How 1930s Fascism Created Today's Trendiest Self-Defense
WHY YOU SHOULD CARE
Because behind the trending self-defense system is a Slovak Jew who fought for his life against Nazi wannabes in the ’30s. And taught thousands to do the same.
By Nathan Siegel
In May 1940, 500 immigrants, many Jewish, boarded the last boat to escape the rapidly tightening Nazi death-grip on Europe. The ship, Pentcho, started in Bratislava, Slovakia, wended its way down the Danube, was quarantined in Romanian waters — its passengers purposefully brought to the brink of starvation — and at last scratched its way into the Aegean Sea. Then the cursed ship wrecked. Most passengers were interned at a concentration camp in Italy, but a few evaded capture.
Among the Pentcho’s escapees was Imi Lichtenfeld — and with him survived the concept of Krav Maga, the hand-to-hand self-defense system now officially used by the Israeli Defense Forces. Since the 1980s, Krav Maga has spread at breakneck speed (pun intended) and is taught worldwide to police, military and civilians alike. Amassing techniques from a range of fighting styles, including Muay Thai, boxing and jujitsu, Krav Maga (“contact combat” in Hebrew) looks to laypeople like a wild, merciless flurry of low blows and eye gouges. But Krav Maga isn’t meant to be pretty. It’s meant to provide anyone and everyone with the skills to defend themselves from armed and unarmed attacks on the street.
It makes sense that a style developed for the streets was developed in the streets — the violently anti-Semitic streets of Bratislava in the ’30s, that is. Imi, the son of a circus performer and police detective, trained in his father’s gym, Hercules, where he became a national wrestling and boxing, and international gymnastics, champion. A ballroom dancer, too.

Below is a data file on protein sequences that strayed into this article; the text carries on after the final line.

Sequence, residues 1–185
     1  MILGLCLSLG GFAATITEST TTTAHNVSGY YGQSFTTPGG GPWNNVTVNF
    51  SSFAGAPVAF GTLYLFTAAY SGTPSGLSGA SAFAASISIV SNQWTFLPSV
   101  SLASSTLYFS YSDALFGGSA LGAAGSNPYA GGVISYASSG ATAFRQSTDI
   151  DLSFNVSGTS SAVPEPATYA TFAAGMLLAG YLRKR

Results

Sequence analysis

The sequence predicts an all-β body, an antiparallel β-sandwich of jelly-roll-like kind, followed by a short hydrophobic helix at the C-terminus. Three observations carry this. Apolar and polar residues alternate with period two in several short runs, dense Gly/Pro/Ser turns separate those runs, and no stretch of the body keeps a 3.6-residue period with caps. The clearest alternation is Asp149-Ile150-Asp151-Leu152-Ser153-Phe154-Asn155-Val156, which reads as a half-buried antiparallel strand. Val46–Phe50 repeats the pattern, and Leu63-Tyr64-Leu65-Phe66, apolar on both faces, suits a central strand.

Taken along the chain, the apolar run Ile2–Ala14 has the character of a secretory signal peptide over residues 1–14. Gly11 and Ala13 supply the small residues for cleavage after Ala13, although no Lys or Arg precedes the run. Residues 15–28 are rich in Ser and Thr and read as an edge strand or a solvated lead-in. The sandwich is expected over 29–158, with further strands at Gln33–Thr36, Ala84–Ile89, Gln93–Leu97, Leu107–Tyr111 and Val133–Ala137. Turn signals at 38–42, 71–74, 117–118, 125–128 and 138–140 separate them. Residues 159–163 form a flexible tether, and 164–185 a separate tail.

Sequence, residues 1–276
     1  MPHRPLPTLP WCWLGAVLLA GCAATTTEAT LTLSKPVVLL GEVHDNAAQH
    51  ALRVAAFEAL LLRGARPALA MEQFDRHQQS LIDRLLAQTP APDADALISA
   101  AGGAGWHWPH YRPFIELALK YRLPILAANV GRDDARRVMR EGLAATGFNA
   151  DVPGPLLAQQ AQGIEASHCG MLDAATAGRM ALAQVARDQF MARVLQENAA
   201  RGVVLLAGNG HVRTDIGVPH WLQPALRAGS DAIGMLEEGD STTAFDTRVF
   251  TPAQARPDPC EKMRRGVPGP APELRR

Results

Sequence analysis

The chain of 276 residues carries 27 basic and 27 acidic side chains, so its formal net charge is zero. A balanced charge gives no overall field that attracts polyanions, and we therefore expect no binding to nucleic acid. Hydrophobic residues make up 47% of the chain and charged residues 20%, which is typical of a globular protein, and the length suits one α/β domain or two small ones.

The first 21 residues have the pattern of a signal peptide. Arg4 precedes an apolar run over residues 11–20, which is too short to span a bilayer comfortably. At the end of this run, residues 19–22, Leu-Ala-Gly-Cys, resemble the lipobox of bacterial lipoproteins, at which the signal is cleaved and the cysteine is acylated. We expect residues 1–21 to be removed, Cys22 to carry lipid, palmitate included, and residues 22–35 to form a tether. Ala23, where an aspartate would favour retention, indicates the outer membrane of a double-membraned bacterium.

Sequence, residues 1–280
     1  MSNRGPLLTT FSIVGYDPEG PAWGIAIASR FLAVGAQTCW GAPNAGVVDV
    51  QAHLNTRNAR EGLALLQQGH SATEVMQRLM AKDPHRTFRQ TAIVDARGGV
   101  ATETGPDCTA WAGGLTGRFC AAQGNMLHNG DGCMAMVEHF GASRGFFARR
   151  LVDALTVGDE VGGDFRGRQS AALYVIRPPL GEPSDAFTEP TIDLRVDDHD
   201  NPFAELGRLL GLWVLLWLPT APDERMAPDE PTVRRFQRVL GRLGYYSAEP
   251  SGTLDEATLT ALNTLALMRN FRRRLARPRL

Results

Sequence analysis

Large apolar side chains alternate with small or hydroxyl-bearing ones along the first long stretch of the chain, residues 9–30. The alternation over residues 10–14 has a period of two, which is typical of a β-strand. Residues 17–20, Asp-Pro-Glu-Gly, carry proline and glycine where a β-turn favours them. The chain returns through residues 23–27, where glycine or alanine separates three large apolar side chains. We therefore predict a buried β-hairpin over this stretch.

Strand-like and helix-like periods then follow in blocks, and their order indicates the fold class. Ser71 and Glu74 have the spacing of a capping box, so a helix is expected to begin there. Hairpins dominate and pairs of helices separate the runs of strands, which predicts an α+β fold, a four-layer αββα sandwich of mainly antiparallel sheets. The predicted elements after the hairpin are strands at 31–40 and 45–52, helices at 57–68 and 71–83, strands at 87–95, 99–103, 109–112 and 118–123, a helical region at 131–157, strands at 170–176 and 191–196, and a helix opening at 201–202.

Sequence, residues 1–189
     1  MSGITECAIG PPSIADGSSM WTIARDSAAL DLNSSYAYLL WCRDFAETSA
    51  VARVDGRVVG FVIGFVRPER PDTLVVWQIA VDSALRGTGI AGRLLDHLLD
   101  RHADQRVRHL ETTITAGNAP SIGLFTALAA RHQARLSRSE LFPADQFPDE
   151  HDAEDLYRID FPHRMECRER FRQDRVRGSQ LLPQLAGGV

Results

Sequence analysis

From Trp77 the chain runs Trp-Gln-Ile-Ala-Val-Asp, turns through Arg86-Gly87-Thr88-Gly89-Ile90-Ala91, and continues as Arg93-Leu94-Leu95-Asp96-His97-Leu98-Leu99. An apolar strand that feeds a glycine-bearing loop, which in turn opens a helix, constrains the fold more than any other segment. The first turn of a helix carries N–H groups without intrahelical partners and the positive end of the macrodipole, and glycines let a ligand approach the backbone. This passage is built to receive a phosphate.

It was either hit or run. I found the hitting more satisfying.
Imi Lichtenfeld, founder of Krav Maga
But Bratislava was no place for dancing. From the 1920s, facist paramilitary groups in Slovakia developed ties to the Nazis via the Slovak Populist Party. After the 1935 Nuremberg Laws, their members routinely beat Jews, looted their stores and signed them up for deportation. Later, the paramilitary groups would run Slovakia’s concentration camps.
Imi fought back. “It was either hit or run,” he told People in 1976. “I found the hitting more satisfying.”
He began training his friends to hit, too. First, he taught them boxing. He incorporated the bloody feedback he received from brawls, tweaking techniques to better meet real-life threats. By the time he boarded the Pentcho, Imi carried with him an effective, by-any-means-necessary fighting style with a sole purpose: “Don’t get hurt.” Eventually, priority No. 1 expanded: “Don’t get hurt, be humble and conduct yourself with dignity – reach proficiency so you won’t have to take lives.” (At least not unnecessarily.)
After serving in the Czechoslovak Legion with the British Army in North Africa, Imi arrived in British Palestine to find that his skills were, to put it lightly, in demand. He immediately began training Jewish paramilitary fighters to combat their Arab counterparts. Six years later, when the First Arab-Israeli War broke out in 1948, Imi (who changed his surname to Sde’or) was picked to head the IDF’s close combat training. Thus was Krav Maga institutionalized.
Fast forward to 1972, when Krav Maga is taught to Israeli civilians and later exported to the United States and elsewhere. These days, even Brangelina get down. Naturally, some federations and centers claim others practice a watered-down sport version. Imi, who died at 87 in 1998, would be skeptical as well. “When a martial art becomes a sport … the lethal movements have to be restricted,” he said. “This destroys the basic principle of Krav Maga: You automatically end the fight by putting an end to your opponent.”